Lilly flees with the girls, an attempt to rescue them all from Jameson's downward spiral. She has finally reached a point where living with the love is more painful than the loss. But Ida is her daddy's girl, and she misses her father most grievously, perhaps as much as Lilly. Lilly is afraid that her oldest daughter will be understand the dynamics of the marriage and turn her adolescent pain on her mother. But Lilly's deepest fear is that Iva will recognize her mother's weakness as a woman without a man, her complicity in this melodrama that makes an awful game out of homelessness.
In the light of day, their so-called adventure drags mother and daughters into ever more desperate circumstances, as Lilly sells everything they own and they are left with only the car, where they often sleep at night, off the road: "And even if she forgets we're children who's teeth could rot, Mother knows us here." Moving from rented house to rented house, motel to motel, Lilly's sister offers the emotional orphans a place to stay, crowding them into an already full house of four. Eventually, this home is too small to hold so many personalities as tempers flare. Years have passed, three years of anguish for Iva, who yearns desperately for a father she has not seen in what seems a lifetime. Iva decides she can wait no more for other people to determine the course of her life.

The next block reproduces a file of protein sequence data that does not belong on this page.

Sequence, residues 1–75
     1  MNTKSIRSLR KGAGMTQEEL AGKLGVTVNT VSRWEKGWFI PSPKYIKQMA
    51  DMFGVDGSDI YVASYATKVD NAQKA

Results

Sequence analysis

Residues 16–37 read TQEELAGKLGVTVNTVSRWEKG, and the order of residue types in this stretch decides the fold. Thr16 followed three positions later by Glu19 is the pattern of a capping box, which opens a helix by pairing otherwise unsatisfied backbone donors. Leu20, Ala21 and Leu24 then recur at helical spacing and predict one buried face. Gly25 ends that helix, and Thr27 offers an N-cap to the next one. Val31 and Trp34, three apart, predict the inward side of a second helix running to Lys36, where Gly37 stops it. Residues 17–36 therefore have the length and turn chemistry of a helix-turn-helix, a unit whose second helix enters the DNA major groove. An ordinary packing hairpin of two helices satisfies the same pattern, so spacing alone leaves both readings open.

The author writes with stunning, lyrical prose that does much to lift the sadness that is such a part of Iva's fragile composure. Still, this story is told by a grown woman, well hidden inside a pre-adolescent girl, one who longs to change a lonely past. The novel's confessional, uncertain tone has the distant voice of confused childhood, trapped by the endlessly selfish behavior of the adults who provide shelter. But little girls grow up to become women. Then caution is imperative, lest a woman nourish her lost self, always searching, rather than embracing the courage of the true self. Luan Gaines/2003.